In the Cells of the Eggplant

Eggplant in refrigerator

In the Cells of the Eggplant is an introduction to meta-rationality: ways of using rational systems more effectively by examining their relationships with their surrounds.

Meta-rationality operates in the territory beyond the boundaries of fixed understanding. It recognizes, works with, and transcends the limits of rationality. It evaluates, selects, combines, modifies, discovers, and creates rational methods.

As of mid-2020, only the first two Parts of The Eggplant, out of five, are complete. I have posted them here on the web.

The book gradually builds a complex, densely connected conceptual structure. It is not well-suited to reading in pieces. I recommend starting at the beginning and reading forward in order.

Parts One and Two stand alone, without the rest of the book, fairly well. However, they are on different topics, and included in The Eggplant only to provide necessary conceptual background. Part One explains why rationalism is an inadequate theory of rationality (so we need a better one, which Part Three offers). Part Two explains “mere reasonableness,” the way we go about everyday tasks like making breakfast. Part Three’s explanation of rationality relies on that.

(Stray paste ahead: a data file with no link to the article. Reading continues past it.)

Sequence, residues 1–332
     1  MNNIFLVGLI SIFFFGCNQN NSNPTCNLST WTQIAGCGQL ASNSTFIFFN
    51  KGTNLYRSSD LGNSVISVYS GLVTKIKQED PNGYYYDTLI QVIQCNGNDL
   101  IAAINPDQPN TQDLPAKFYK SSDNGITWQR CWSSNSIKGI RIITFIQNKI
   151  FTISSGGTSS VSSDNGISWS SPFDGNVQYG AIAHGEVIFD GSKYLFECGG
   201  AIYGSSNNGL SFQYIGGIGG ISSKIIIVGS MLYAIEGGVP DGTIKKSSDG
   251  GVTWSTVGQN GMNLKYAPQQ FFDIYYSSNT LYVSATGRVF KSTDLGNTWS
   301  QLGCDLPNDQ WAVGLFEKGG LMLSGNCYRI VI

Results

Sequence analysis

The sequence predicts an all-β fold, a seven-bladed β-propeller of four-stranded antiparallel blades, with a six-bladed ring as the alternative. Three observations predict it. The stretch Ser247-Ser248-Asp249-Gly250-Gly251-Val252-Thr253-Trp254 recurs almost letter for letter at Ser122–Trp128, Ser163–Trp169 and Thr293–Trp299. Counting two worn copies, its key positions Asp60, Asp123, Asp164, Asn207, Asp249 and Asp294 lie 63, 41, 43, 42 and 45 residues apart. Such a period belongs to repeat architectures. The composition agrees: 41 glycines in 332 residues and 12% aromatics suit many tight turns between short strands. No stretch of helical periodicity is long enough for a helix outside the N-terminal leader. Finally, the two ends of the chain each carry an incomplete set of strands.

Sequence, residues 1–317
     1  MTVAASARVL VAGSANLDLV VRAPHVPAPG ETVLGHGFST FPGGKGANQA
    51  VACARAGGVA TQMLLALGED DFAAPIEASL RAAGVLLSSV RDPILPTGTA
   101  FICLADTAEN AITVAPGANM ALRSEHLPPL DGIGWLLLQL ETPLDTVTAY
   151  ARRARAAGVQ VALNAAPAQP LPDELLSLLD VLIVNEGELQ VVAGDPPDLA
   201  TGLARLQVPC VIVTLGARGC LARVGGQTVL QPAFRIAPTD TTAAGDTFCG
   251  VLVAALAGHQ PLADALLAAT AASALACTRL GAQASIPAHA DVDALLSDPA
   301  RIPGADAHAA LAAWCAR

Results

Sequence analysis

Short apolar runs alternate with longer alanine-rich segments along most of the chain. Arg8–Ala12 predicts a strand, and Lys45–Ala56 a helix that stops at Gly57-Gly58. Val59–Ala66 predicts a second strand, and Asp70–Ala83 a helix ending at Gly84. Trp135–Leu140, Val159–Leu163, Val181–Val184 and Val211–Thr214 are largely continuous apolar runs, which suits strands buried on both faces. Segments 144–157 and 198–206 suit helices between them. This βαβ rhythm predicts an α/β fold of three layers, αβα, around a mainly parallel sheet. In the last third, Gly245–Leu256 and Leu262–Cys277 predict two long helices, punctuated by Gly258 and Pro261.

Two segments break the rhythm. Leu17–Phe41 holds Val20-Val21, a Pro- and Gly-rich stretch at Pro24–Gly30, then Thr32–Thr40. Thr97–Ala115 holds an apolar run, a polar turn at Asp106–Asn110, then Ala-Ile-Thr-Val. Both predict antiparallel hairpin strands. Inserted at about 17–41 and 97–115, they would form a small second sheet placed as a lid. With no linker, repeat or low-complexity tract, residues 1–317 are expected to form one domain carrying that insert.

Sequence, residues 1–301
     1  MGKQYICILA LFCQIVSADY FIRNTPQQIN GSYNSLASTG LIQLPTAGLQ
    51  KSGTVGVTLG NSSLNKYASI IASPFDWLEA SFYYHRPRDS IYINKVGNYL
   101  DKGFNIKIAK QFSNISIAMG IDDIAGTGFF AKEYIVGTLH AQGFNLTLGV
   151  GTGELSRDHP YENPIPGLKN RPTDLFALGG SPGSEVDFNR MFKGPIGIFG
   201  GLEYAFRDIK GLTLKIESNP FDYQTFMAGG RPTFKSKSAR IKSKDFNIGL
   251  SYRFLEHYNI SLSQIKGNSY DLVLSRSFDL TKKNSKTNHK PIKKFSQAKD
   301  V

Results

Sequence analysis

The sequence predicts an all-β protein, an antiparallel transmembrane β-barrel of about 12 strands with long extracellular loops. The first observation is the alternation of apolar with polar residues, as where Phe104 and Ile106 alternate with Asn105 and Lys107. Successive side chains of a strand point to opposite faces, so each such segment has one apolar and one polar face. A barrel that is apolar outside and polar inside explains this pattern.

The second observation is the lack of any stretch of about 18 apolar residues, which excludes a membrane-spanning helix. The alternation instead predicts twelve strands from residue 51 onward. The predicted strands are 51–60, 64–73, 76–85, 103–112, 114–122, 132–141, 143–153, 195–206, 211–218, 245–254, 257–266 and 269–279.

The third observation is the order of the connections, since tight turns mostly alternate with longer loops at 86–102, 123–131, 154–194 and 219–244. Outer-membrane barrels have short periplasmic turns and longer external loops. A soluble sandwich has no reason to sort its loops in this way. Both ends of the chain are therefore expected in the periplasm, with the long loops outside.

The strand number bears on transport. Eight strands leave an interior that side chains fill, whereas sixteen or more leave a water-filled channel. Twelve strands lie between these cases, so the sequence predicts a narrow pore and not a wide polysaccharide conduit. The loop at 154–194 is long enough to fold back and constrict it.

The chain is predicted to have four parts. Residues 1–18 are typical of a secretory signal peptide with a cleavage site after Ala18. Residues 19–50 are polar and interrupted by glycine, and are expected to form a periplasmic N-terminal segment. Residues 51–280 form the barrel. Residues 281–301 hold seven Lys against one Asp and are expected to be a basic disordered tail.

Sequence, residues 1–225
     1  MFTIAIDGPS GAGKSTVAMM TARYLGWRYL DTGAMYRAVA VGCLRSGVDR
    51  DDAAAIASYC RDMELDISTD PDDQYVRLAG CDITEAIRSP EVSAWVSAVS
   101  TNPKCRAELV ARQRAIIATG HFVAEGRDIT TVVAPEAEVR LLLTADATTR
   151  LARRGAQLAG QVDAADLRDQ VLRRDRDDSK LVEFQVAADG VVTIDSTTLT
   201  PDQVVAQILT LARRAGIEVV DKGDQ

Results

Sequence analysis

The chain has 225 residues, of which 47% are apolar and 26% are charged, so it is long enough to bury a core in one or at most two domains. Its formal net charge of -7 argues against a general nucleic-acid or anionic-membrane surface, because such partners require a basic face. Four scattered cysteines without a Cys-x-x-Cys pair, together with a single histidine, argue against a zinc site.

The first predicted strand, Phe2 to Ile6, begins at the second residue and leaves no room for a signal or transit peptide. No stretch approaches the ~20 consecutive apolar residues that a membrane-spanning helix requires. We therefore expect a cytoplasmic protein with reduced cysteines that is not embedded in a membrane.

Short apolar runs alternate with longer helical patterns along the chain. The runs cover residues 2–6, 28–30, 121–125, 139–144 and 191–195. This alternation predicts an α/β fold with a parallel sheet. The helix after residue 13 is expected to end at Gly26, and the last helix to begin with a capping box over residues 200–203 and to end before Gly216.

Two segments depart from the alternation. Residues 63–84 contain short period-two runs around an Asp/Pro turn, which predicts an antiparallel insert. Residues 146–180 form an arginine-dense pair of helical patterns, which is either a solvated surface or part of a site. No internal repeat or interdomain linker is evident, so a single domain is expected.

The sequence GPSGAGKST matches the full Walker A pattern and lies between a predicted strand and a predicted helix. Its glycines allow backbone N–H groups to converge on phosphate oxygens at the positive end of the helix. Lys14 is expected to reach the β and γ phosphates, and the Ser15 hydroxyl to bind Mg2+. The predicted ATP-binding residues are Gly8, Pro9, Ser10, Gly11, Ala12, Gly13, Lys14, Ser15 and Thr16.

Eventually I will publish The Eggplant in paperback and as a Kindle ebook. But I prefer reading on the web, myself! Maybe most people do! And it’s free!

Navigation

This page introduces a section containing the following:

The previous page is Meaningness and Time: past, present, future. (That page introduces its own subsection.)

General explanation: Meaningness is a hypertext book. Start with an appetizer, or the table of contents. Its “metablog” includes additional essays, not part the book.

Subscribe to new content by email. Click on terms with dotted underlining to read a definition. The book is a work in progress; pages marked ⚒︎ are under construction.